You can see output characteristics in the above figure. Here first we take a reading of Ie and Vec at a constant base current Ib =0 μA. After that, we repeat this process for higher different constant base voltage ( Ib = 20 μA, 40μA, 60μA, 80μA, 100μA ).
In common collector circuit, if the input current is zero then output current is also zero. So, that there is no current flow in the transistor circuit. This region we can call as a cut-off region where Ib = 0 so that Ic is also zero. When the base current Ib increases collector current Ic also increases. This we can say that the transistor now falls into the active region. When base current is increased up to its limitation collector current also increase up to its last value. This region we can call as saturation region.
why common collector is not used as an amplifier?
Common collector circuit has a very high input impedance and very low output impedance so voltage gain provides by this type of circuit is less than 1. Because of that, this type of circuit is not that much suitable for amplification. For most cases, common emitter circuits are used for amplifying circuits because it provides high voltage gain as well as high current gain. CC connection provides high current gain but I think that’s not much enough to use CC in amplifying circuit. CC can’t able to provides high current gain for amplifying circuits. Because of this reasons we do not use common collector mostly. We also called this a disadvantage of common collector amplifier.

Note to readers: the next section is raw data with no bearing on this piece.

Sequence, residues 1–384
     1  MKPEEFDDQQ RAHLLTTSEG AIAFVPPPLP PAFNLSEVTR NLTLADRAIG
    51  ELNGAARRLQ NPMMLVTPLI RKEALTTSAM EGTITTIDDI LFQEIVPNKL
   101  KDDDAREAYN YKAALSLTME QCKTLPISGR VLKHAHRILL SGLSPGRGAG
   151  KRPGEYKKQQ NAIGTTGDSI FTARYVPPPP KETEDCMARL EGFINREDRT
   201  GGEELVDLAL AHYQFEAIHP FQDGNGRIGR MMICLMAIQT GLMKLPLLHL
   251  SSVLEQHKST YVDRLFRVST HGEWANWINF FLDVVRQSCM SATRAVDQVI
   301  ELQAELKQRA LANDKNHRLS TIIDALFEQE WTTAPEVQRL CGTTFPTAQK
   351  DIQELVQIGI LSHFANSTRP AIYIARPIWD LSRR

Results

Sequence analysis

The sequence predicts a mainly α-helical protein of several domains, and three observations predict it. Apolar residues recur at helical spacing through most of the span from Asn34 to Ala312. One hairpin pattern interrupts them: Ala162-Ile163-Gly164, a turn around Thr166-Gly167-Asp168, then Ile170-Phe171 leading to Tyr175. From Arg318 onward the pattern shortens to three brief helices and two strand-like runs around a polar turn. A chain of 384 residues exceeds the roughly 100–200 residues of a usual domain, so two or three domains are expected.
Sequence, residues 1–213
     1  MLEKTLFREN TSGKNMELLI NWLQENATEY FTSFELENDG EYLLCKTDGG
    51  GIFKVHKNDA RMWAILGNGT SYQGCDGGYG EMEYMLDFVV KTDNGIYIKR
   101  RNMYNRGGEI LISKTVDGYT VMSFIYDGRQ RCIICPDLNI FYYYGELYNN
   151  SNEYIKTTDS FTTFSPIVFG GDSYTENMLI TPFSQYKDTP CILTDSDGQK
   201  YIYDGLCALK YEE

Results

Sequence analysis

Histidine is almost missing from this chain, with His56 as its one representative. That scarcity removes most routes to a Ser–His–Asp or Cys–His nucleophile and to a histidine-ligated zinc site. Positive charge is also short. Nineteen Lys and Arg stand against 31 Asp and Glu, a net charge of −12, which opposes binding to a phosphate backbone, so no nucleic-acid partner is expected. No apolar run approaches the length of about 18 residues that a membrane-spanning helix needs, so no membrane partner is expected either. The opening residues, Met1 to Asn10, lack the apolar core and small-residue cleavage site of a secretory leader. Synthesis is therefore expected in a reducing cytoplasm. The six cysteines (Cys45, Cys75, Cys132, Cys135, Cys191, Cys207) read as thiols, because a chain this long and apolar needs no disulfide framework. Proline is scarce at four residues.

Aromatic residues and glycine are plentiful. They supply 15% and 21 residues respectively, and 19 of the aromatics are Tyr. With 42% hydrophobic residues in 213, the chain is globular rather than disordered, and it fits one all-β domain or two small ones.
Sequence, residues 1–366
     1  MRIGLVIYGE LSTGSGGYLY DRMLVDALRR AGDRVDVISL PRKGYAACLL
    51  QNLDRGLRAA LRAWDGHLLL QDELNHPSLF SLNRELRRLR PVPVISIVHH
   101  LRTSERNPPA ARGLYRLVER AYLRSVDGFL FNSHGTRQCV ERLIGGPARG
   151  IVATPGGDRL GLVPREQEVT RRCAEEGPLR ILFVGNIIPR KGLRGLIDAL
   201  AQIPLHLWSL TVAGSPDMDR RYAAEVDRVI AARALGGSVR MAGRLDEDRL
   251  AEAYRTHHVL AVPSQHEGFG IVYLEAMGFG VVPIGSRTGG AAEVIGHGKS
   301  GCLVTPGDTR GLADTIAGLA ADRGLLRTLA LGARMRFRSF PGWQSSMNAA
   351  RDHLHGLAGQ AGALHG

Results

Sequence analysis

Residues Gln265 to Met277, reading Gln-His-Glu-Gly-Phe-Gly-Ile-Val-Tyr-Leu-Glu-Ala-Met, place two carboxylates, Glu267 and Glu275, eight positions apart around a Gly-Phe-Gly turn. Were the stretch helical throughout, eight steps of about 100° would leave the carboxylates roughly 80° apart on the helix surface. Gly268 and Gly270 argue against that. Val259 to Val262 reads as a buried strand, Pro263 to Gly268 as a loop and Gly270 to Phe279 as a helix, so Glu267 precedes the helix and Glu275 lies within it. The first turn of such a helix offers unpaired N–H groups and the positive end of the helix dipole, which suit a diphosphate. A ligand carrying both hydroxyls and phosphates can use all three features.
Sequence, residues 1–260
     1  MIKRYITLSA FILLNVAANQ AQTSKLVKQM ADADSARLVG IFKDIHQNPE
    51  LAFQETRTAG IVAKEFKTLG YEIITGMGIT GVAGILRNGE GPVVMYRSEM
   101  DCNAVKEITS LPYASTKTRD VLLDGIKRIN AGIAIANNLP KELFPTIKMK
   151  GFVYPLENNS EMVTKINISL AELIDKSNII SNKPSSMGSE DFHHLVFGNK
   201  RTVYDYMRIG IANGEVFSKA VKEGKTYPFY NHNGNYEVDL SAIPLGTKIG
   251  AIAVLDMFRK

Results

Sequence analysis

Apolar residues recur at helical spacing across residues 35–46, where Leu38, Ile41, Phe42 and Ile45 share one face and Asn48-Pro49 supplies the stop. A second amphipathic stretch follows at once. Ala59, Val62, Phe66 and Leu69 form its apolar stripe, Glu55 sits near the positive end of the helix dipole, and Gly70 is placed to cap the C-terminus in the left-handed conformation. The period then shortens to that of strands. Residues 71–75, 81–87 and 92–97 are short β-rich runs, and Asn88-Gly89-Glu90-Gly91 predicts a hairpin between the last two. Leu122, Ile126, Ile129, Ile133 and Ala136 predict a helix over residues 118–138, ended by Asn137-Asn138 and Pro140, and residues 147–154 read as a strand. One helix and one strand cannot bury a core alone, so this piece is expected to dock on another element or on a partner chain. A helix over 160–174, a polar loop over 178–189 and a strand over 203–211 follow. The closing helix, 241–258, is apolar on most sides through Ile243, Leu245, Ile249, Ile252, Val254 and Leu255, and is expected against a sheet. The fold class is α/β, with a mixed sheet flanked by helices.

Where Common collector circuit is used?
- As per we know common collector have high input resistance and low output resistance. Due to this reason this type of circuits especially used for impedance matching i.e. for driving low impedance load from high impedance source. Common collector circuit provides high voltage gain but this circuit is not able to give high current gain.
- It is used as a switching circuit in some application.
- The high current gain combined with near unity voltage gain makes this circuit a great voltage buffer
- This type of circuit is also used for circuit isolation.
Why Common collector circuit is also called an emitter follower?
In common collector circuit, as we know input terminal is base and output terminal is an emitter. In this connection output value always follows the input supply voltage. Emitter value is always nearly equal to base input supply value. Hence here emitter follows base voltage so it called emitter follower circuit also. In this type of circuits, base-emitter voltage is constant and value of this voltage is 0.7 V. So the conclusion is that emitter voltage is always nearly equal to base voltage hence it called emitter follower.
In this configuration, the input current is base current ib and output current is emitter current Ic. In this type of configuration output current is the same as the input current. Means emitter current is same as base current because of that reason this configuration also called an emitter follower circuit.
Common emitter circuit has high input resistance and low output resistance, due to these characteristics this circuit is mostly used in impedance matching applications. This configuration is able to give high voltage gain but not able to give current gain. Because of that reason in most application common emitter configuration is going to use.